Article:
Cleaning and Drying Switchboards and Electrical Controls: Part 3

16 April 2019


The switchboard to your telecommunications system has become flooded, along with various electrical controls in your business.  What are you able to do? Is there a way to clean it up and dry it out, or are you going to have to invest in an entirely new system? We have good news: you can salvage it (for the most part) by following these instructions.

Clean and dry it

First and foremost, you must thoroughly clean and dry out all of the control equipment that came in contact with flood waters.  It is important to remember that you need to dismantle most, if not all, of the equipment in order to get it completely clean and dry.

Once this is complete, be sure to inspect the operating coils and thoroughly dry them.  Drying them is extremely important.  Once this is complete, dip them in insulating varnish, then bake them.  If you do not have an oven to do this, give them a few more coats of air-drying insulating varnish. 

It is important to also check all the contacts.  Make sure they are clean, free from dirt and silt, and dry them.  It is also important to check all moving parts.  Ensure that they are able to operate freely and easily.

Cleaning oil pans and oil switches is a must

Oil pans on starters and oil switches must be cleaned and dried out. This is because oil is meant to lubricate all moving parts.  If water to gets mixed in with the oil you run the risk of causing microscopic pitting.  This translates into wear of the surface - just like excessive mechanical wear.

In addition, water more than likely will cause additives in the oil to deteriorate. This could prove to be extremely detrimental since most oils these days are comprise of viscosity index improvers, sliding friction lubricators and corrosion inhibitors.   So carefully cleaning and drying out the oil pans and oil switches before adding oil back into your equipment is paramount.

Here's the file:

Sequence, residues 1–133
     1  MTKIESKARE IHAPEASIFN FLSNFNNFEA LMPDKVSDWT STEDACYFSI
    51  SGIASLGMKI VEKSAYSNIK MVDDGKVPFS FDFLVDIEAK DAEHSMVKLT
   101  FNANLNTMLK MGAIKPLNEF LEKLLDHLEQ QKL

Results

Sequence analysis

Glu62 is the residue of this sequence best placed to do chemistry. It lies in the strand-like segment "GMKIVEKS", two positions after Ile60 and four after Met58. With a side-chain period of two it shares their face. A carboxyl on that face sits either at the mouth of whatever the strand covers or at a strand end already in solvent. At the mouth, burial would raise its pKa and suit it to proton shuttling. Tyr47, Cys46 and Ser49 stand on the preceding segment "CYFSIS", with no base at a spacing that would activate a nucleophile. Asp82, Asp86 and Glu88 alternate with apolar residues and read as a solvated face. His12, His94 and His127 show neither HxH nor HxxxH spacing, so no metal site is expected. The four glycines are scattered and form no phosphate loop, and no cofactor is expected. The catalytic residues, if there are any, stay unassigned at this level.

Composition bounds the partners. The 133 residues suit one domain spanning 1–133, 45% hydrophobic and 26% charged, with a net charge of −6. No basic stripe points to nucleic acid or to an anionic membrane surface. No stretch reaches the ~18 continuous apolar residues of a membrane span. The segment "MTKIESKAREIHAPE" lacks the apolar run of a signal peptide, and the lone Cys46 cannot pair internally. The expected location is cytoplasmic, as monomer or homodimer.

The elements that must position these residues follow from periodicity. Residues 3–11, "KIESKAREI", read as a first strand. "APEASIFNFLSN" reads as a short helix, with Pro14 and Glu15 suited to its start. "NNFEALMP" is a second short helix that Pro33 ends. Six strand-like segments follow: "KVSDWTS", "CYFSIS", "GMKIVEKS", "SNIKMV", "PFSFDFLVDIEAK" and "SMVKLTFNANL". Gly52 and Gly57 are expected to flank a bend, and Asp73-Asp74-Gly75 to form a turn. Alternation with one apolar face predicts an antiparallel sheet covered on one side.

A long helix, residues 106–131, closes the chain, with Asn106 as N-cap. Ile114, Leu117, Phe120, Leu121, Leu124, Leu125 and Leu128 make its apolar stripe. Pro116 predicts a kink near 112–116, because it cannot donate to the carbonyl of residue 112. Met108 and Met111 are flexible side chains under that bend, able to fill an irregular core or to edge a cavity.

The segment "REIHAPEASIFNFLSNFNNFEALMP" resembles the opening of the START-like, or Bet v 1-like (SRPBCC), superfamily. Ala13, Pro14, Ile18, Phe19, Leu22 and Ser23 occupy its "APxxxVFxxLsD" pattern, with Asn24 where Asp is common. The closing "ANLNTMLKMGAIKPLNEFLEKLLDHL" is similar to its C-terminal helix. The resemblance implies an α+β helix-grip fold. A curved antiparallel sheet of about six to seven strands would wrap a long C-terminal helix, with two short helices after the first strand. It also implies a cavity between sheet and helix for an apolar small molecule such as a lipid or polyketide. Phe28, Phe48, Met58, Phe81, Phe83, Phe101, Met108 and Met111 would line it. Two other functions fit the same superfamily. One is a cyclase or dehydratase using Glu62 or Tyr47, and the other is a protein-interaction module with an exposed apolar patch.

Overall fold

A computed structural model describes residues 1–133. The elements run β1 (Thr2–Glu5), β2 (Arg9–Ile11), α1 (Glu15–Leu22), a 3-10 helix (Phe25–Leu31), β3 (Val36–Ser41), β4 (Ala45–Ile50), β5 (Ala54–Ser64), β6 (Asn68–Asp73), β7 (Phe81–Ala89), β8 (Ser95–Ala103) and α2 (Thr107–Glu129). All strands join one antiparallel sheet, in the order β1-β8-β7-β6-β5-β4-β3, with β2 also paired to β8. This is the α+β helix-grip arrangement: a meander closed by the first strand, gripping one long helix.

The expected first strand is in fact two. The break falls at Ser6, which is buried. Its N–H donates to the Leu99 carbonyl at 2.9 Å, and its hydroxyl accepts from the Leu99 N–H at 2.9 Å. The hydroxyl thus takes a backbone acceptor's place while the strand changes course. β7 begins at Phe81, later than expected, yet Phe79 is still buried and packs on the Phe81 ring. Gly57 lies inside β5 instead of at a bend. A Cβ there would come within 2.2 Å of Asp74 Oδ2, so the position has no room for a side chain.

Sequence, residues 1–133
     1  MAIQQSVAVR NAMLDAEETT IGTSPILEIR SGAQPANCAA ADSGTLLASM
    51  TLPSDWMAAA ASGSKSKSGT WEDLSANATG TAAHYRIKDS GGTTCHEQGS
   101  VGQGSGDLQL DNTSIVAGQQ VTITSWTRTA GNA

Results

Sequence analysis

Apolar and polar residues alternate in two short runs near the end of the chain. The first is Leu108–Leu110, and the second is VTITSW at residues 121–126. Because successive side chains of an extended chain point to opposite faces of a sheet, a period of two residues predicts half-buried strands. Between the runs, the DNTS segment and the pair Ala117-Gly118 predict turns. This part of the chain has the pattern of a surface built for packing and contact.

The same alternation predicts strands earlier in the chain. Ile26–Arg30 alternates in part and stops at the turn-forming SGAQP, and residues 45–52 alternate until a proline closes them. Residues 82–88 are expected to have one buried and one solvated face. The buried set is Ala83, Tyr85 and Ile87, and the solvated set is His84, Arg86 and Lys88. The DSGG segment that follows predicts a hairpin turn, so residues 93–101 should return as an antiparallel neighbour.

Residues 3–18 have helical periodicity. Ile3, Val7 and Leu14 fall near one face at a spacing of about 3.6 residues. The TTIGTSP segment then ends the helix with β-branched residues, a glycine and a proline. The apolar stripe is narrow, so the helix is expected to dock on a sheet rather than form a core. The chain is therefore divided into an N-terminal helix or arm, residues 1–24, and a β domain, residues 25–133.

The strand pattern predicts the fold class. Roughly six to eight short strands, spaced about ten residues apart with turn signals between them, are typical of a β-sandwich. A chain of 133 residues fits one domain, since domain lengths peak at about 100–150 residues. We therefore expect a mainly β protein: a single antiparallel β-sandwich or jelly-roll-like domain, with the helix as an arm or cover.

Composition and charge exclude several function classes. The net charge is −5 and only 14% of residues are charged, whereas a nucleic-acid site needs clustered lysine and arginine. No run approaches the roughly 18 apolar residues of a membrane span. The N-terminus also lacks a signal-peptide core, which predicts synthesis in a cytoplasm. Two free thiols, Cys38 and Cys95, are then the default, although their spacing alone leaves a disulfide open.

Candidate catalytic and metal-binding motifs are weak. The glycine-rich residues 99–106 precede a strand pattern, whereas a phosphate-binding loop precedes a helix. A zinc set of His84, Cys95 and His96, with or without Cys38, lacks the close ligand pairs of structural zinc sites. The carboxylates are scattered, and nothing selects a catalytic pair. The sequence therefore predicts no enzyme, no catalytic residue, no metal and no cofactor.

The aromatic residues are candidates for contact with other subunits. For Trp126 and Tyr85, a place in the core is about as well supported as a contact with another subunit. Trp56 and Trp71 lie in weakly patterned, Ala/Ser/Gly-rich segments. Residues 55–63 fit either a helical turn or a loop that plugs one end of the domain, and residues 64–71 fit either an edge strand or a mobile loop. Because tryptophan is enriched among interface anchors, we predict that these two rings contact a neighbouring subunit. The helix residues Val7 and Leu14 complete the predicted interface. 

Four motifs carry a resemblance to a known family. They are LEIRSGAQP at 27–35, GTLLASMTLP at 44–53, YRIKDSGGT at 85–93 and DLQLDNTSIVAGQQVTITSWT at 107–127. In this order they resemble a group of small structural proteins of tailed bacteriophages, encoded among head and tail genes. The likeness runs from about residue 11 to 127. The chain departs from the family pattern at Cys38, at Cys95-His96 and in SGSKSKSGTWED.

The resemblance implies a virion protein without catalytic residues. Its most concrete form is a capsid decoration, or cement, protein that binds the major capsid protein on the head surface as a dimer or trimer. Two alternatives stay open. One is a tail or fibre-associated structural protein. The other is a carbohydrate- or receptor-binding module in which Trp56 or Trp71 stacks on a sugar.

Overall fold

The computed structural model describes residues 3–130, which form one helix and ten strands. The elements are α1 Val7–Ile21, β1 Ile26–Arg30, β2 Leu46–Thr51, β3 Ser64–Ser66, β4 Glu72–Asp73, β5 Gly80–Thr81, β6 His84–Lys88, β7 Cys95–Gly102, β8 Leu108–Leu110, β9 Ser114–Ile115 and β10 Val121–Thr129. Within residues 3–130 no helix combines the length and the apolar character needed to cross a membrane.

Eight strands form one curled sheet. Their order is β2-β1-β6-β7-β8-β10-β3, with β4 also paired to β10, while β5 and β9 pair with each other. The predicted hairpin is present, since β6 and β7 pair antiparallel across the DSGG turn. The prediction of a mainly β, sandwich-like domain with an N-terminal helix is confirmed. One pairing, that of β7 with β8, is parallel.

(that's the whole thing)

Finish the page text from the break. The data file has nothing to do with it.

It is also important to remember that once you start to refill the pans, the oil must be of proper dielectric strength.  Insulating oil can be tested in full conformance to ASTM standards with an appropriate oil test set

If the insulating barriers surrounding the oil pans and switches are wet they need to be dried out.  Once dried out they need to be assessed for damage or warpage.  If this is the case, then they must be replaced.

Repair or replace meters and relays

Although it is possible to have the meters and relays reconditioned at either a manufacturer’s service shop or by the factory where they were created, we suggest simply replacing them.  It will be a lot less expensive and save you time and aggravation.

Bus insulators and control wiring on switchboards

Bus insulators and control wiring should not be ignored.  Remember that all bus insulators and control wiring on switchboards should be cleaned and dried thoroughly.  If this does not get done, things will short out.   

To know that your cleaning and drying efforts have worked, we suggest an insulation resistance of at least two megohms per 1,000 volts operating potential, with a minimum of two megohms, should be obtained before energizing.  This is a very basic and universal insulation requirement and can be performed with any good quality megohmmeter.

Standby batteries should also be checked for their readiness to come online using a battery impedance tester.  Battery straps should be checked for corrosion or excessive resistance with a low-resistance ohmmeter.

Doing it yourself will save you time and money

By taking some time, assessing your situation and following all of these steps, your switch board and electrical controls should be up and running in no time at the fraction of the cost of what it would be if you were to replace your entire system.


The next part of this series will focus on cleaning and drying out transformers after a flood. Review Part 1 and Part 2, or view the entire series of tips on page 28.